We have identified a new technique to improve the accuracy of US stone sizing. Traditionally, a kidney stone will show up as a bright, or hyperechoic, object on US, and radiologists measure the longest linear dimension of the bright area to represent the stone size. We believe that the dark, or hypoechoic, acoustic shadow that appears behind a kidney stone provides additional information for predicting stone size. The resolution of the stone is affected by the distortion of the waves traveling through the intervening tissues; the resolution of the shadow is only affected by the local stone obstruction.
We screened 660 stone diagnoses over an 11 year period (2004 – 2014) at Seattle Children’s Hospital, a tertiary care referral center serving the greater Pacific Northwest. Over the study period, there were 37 patients presenting with an initial diagnosis of a kidney stone, and who had both a US and CT within three months of each other. Two reviewers retrospectively measured both the stone size and the shadow width from the ultrasound image. We compared the results to the stone size measured from the CT scan. A total of 48 stones were included in the study with an average size based on CT imaging of 7.85 mm. The shadow width was present in 88% of the cases, and, on average, was more accurate than measuring the stone itself. Measuring the stone width on ultrasound tended to overestimate the size of the stone by 1.2 ± 2.5 mm (reviewer 1) and 2.0 ± 1.7 mm (reviewer 2), while measuring the shadow width on ultrasound underestimated the size of the stone by -0.6 ± 2.5 mm (reviewer 1) and overestimated the stone size by 0.3 ± 1.2 mm (reviewer 2). In both cases, the shadow was a better predictor of stone size and, for reviewer 2, there was less variability in the data. Stone sizes based on CT are typically considered within 1 mm, with low variability.
Our technique is simple and can be easily adopted by pediatricians, radiologists, and urologists. It improves the accuracy of US and gives physicians more confidence that the reported size is more representative of the true stone size, without having to expose children to the radiation of a CT scan. This also allows the physician to make more accurate decisions about when to perform a surgery for a large stone or continue to observe a small stone that may pass on its own. The findings from this study may also potentially be applicable to stones in adult patients. We believe that with continued advancements in US, we can reduce the number of CT scans for both adults and children. The results in part highlight one of the drawbacks of ultrasound, which is user dependence; two users can have very different results. It is anticipated that future work on automated stone and shadow sizing can reduce this along with standardizing the method in which the shadow measurement is taken.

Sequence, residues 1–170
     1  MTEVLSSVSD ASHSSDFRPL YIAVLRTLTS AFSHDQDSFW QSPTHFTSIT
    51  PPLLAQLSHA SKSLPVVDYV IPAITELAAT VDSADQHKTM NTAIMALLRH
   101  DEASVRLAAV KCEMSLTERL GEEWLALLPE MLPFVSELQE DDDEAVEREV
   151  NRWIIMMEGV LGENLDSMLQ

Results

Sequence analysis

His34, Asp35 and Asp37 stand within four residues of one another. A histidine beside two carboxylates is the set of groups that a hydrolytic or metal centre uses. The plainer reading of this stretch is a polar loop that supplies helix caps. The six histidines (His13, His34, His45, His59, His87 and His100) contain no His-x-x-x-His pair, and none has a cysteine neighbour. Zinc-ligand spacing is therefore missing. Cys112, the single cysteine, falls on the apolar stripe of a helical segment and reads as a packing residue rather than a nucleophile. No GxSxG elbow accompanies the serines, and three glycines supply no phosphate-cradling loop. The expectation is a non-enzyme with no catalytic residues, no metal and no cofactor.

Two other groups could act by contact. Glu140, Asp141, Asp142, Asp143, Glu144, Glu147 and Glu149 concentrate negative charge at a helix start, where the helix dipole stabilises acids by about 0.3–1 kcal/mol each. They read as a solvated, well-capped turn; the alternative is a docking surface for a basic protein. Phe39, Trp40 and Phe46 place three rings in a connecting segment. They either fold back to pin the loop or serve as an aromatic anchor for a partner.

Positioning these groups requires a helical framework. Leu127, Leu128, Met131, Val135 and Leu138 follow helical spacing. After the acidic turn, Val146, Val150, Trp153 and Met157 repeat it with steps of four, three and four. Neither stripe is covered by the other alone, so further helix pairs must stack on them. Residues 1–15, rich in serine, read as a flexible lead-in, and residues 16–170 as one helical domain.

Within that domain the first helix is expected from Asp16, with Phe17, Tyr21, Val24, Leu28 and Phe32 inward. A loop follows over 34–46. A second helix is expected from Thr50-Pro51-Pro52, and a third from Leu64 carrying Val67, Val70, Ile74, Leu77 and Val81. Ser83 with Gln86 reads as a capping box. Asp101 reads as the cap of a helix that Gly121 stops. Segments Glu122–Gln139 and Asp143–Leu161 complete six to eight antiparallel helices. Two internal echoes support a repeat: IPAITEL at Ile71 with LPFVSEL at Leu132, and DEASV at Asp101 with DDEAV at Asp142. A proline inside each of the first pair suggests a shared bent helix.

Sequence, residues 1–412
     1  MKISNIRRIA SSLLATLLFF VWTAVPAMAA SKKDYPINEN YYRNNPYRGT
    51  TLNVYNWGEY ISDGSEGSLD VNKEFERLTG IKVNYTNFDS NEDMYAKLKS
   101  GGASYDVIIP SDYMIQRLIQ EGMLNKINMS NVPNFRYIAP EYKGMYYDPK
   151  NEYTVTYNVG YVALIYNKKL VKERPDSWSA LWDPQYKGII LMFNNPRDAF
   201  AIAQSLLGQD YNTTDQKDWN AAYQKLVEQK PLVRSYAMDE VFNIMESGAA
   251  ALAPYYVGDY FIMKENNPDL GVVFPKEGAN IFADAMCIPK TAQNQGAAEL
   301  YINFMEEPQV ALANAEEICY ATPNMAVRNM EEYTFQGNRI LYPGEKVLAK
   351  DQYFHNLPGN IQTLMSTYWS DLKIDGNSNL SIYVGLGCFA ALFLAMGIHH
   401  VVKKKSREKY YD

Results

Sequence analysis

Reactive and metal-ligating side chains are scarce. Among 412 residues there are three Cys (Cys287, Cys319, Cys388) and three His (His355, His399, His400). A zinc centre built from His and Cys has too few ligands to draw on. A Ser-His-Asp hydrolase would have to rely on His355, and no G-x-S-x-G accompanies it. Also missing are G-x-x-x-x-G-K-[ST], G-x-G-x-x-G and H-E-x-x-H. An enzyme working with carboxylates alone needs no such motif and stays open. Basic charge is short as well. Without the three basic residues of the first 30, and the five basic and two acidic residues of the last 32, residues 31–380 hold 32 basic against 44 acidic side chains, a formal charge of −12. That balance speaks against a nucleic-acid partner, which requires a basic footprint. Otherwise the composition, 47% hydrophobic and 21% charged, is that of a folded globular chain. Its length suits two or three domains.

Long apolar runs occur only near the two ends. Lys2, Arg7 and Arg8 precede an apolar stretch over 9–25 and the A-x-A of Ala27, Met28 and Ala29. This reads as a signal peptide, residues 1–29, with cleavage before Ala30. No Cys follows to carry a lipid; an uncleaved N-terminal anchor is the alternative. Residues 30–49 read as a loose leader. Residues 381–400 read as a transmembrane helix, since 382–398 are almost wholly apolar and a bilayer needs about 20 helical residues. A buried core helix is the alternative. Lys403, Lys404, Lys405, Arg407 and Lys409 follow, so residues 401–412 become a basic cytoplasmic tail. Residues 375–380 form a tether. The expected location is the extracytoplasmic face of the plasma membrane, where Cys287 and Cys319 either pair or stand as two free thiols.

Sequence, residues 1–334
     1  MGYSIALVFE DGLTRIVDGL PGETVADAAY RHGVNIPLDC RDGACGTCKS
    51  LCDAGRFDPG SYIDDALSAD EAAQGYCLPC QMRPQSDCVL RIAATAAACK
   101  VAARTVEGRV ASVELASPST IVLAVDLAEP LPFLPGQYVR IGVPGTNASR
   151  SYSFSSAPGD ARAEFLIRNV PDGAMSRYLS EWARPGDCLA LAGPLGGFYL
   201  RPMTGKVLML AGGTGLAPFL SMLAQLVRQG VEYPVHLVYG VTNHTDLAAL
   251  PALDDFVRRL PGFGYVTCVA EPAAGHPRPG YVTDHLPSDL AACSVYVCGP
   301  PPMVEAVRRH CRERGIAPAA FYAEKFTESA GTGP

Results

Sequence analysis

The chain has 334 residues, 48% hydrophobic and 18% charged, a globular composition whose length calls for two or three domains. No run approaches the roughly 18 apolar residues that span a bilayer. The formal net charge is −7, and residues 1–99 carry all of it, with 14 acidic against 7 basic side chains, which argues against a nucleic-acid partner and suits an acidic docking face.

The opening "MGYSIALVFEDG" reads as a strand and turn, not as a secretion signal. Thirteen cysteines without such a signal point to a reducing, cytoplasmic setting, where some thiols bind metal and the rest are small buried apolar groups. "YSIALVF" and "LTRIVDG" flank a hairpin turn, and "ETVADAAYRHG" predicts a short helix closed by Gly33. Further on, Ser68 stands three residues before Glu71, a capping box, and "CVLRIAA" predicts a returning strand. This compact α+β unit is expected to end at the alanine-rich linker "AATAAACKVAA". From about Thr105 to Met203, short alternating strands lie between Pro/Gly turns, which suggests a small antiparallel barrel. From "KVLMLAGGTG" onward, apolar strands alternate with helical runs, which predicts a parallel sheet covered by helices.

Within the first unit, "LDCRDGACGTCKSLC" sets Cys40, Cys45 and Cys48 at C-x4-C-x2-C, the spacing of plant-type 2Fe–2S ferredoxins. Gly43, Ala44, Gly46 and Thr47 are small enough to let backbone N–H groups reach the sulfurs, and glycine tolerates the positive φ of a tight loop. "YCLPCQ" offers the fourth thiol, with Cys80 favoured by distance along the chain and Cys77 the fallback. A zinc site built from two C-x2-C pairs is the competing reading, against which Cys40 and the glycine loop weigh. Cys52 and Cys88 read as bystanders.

1. Tasian G and Copelovitch L. Evaluation and Management of Kidney Stones in Children. J Urol. 2014: Epub ahead of print
2. Pearce MS, Salotti JA, Little MP, et al. Radiation exposure from CT scans in childhood and subsequent risk of leukaemia and brain tumours: a retrospective cohort study. Lancet 2012; 380: 499-505.
3. Ray AA, Ghiculete D, Pace KT, Honey RJD. Limitations to ultrasound in the detection and measurement of urinary tract calculi. Urology 2010; 76(2):295-300.
4. Fowler KAB, Locken JA, Duchesne JH, Williamson MR. US for detecting renal calculi with nonehnanced CT as a reference standard. Radiology 2002; 222(1):109-113.
5. Dunmire B, Lee FC, Hsi RS, Cunitz BW, Paun M, Bailey MR, Sorensen MD, Harper JD. Tools to improve the accuracy of kidney stone sizing with ultrasound. Aug 2014; [Epub ahead of print].
Franklin C. Lee1 – firstname.lastname@example.org
Jonathan D. Harper 1 – email@example.com
Thomas S. Lendvay1, 2 – Thomas.firstname.lastname@example.org
Ziyue Liu3 – email@example.com
Barbrina Dunmire 4 – firstname.lastname@example.org
Manjiri Dighe 5 – email@example.com
Michael Bailey – firstname.lastname@example.org
Mathew D. Sorensen1, 6 – email@example.com
University of Washington
1 Department of Urology, Box 356510
5 Department of Radiology, Box 357115
1959 NE Pacific St, Seattle, WA 98195
2 Seattle Children’s Hospital
Urology, Developmental Pediatrics
4800 Sand Point WA NE, Seattle, WA 98105
3 Indiana University
Department of Biostatistics
410 W. Tenth St, Suite 3000, Indianapolis, IN 46202
4 University of Washington
Applied Physics Lab – Center for Industrial and Medical Ultrasound2
1013 NE 40th St, Seattle, WA 98105
6 Department of Veteran Affairs Medical Center
Division of Urology
1660 South Columbian Way, Seattle, WA 98108